Sizes for copper tube – Copper tube was introduced in around 1900, but did not become popular until around 1950, depending on local building code adoption. Copper plumbing tube for residential plumbing follows an entirely different size system, often called ‘Copper Tube Size’ (CTS). Its nominal size is neither the inside nor outside diameter. Plastic tubing, such as PVC and CPVC, for plumbing applications also has different sizing standards. Normal wall-thicknesses of copper tubing are ‘Type K’, ‘Type L’, and ‘Type M’. Type K has the thickest wall section of the three types of pressure rated tubing and is normally used for deep underground burial such as under sidewalks and streets, with a suitable corrosion protection coating or continuous poly-ethylene sleeve as required by code. Type L has a thinner pipe wall section, and is used in residential and commercial water supply and pressure applications. Type M has the thinnest wall section, and is generally suitable for condensate and other drains, but sometimes prohibited for pressure applications, depending on local codes. 

Types K and L are normally available in both hard drawn ‘sticks’ and in rolls of soft annealed tubing, whereas type M is normally available only in hard drawn ‘sticks’. Thin-walled types used to be relatively inexpensive, but since 2002 copper prices have risen considerably due to rising global demand and a stagnant supply.

In the plumbing field the size of copper tubing is measured by its nominal diameter (average ID). In some fields, heating and cooling technicians for example, use the OD to designate copper tube sizes. The HVAC field also use this different measurement to try and not confuse water pipe with copper pipe used for the HVAC field, as pipe used in the air conditioning  (AC) field uses copper pipe which is made at the factory without processing oils which are incompatible with the oils used to lubricate the compressors in the AC system. The OD of copper tube is always 1/8 inch larger than its nominal size. Hence, 1 inch nominal copper tube and 1-1/8 inch ACR (air conditioning and refrigeration) tube is exactly the same tube with different size designations. The wall thickness of the tube never affects the sizing of the tube. Type K half inch nominal tube, is the same size as Type L half inch nominal tube (5/8 inch ACR).

Sizes for stainless steel tube – Stainless steel pipes, which came into more common use in the mid 20th century, permitted the use of thinner pipe walls with much less risk of failure due to corrosion. This led to the development of stainless steel tube. Stainless steel tube, because of its thinner wall, could not be threaded together according to the ASME code, and hence was fusion welded. This has led to the development of a range of hygienic stainless steel tube and fittings which can be used in applications requiring a clean and sanitary flow of liquids and where it is essential to avoid contamination of the products being carried. These applications cover the food processing, beverage, biotech and pharmaceutical industries including breweries and dairies.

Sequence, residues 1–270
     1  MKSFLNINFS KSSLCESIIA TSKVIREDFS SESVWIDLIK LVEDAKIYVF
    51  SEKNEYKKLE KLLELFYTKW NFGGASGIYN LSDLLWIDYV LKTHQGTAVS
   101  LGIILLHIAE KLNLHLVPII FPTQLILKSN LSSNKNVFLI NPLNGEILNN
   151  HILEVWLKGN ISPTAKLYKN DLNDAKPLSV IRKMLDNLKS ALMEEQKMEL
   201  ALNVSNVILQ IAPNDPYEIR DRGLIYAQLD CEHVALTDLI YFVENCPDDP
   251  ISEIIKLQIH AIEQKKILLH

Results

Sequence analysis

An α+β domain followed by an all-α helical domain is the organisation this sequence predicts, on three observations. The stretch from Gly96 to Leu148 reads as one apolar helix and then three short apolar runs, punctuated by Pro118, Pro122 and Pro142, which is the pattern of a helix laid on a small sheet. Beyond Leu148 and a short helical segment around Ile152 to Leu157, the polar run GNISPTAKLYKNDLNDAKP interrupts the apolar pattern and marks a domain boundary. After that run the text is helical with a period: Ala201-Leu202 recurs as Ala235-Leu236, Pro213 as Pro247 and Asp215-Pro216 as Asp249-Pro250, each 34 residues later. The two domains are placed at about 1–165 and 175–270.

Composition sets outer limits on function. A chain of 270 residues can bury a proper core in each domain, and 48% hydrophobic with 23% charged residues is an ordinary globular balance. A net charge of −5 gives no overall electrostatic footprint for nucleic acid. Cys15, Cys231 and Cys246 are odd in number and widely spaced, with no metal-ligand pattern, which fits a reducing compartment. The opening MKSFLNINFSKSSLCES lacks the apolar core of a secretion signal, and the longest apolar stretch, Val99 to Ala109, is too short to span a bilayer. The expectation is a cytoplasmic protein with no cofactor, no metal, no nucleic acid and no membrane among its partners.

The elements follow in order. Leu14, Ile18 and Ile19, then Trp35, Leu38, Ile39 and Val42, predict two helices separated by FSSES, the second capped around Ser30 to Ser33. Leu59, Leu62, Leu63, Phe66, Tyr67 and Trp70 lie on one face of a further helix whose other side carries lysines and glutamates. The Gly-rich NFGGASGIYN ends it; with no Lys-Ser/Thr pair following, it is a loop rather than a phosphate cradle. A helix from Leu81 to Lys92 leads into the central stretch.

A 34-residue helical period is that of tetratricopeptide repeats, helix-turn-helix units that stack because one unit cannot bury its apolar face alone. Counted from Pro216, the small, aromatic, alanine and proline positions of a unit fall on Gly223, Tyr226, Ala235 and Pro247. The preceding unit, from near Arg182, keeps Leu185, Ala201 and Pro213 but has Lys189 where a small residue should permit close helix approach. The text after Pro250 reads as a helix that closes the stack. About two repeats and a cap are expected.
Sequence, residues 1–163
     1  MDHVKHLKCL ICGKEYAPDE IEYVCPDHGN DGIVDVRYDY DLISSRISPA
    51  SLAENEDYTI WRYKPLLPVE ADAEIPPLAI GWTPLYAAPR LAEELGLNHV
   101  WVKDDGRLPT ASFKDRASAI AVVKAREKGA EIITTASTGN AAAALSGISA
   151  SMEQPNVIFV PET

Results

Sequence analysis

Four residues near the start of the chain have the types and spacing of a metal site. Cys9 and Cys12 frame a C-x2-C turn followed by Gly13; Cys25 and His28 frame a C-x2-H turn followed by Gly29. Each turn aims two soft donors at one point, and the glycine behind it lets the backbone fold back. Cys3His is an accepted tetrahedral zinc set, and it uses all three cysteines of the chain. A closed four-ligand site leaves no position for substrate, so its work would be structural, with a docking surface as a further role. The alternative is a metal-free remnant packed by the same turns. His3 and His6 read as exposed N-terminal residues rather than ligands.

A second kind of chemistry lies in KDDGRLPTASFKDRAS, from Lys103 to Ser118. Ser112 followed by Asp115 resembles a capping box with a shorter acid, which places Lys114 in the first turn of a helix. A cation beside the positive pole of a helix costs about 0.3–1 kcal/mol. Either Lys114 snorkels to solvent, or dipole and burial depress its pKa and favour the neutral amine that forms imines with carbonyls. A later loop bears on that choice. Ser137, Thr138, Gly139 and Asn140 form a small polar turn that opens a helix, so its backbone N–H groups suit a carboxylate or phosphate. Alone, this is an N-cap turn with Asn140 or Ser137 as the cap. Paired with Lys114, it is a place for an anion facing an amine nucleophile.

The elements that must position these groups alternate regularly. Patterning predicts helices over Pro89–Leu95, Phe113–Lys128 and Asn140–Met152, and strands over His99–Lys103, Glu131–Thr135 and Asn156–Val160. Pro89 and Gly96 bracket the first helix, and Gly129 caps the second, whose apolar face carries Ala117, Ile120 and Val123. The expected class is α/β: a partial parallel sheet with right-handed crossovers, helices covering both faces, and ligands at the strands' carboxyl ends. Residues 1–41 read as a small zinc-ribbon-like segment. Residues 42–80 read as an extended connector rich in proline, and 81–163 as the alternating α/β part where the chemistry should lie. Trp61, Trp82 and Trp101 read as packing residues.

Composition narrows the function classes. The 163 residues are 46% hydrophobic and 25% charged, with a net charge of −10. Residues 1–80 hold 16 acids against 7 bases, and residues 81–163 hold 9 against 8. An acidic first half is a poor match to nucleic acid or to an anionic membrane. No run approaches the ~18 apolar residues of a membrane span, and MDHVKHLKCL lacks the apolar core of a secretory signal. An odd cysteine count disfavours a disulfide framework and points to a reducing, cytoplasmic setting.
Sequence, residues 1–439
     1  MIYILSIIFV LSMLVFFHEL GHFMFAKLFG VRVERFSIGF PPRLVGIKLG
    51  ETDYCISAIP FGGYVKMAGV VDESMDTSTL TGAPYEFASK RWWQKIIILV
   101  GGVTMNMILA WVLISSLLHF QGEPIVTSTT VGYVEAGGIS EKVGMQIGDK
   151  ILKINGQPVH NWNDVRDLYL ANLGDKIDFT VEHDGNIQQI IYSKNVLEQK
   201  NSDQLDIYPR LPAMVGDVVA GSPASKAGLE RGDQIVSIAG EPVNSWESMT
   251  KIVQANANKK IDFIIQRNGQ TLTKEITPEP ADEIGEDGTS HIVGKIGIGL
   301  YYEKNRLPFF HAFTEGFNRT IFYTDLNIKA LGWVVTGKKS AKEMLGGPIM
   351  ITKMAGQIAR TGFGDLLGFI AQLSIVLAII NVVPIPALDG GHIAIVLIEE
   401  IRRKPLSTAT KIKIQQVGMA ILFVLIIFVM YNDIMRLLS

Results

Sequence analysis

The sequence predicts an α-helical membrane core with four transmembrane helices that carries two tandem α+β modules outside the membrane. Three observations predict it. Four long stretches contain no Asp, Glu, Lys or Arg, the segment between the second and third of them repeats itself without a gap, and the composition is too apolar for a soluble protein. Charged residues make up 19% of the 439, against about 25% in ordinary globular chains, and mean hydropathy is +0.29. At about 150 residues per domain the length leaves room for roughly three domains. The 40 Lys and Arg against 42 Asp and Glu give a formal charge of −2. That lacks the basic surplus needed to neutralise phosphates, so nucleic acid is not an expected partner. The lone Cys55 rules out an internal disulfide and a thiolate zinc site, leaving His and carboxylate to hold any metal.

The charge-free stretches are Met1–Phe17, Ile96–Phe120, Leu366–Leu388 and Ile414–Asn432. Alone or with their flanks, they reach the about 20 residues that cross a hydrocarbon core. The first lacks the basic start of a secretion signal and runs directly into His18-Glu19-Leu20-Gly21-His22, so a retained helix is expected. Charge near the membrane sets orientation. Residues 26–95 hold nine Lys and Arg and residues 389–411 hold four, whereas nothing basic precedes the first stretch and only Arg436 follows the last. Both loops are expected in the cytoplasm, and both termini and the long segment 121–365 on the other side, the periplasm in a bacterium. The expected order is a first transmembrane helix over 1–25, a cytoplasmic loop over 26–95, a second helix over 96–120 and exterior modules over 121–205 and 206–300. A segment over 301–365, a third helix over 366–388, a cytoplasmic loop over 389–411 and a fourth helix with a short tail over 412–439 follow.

In case of stainless steel tubes, the applications are low pressure with a maximum of 10 bars, the products are available in grades 304L and 316L, and the size range is from half inch to 6 inch  OD. The tube and fittings are of welded construction with the internal bead rolled and polished to eliminate crevices, thus preventing interruptions to the flow and eliminating the risk of contamination or bug traps as well as facilitate easy cleaning. Hygienic tube and fittings are produced to various standards.

Pressure ratings for pipes and tubes

The production and installation of pressure piping is tightly regulated by the standards which are related to the boilers and the pressure vessels codes.  Pressure piping is normally classified as pipe which carries pressures higher than 10 bars to 25 bars, although definitions vary. To ensure safe operation of the system, the production, storage, welding, testing, etc. of pressure piping is to stringent quality standards. In Europe, pressure piping uses the same pipe IDs and wall thicknesses as NPS, but labels them with a metric Diameter Nominal (DN) instead of the imperial NPS. For NPS larger than 14 inch, the DN is equal to the NPS multiplied by 25 (not 25.4). This is documented by EN 10255 and ISO 65, and it is often called DIN or ISO pipe. In North America and the UK, pressure piping is normally specified by NPS and Schedule. Pipe sizes are documented by a number of standards. Typically the pipe wall thickness is the controlled variable, and the ID is allowed to vary. The pipe wall thickness has a variance of around 12.5 %.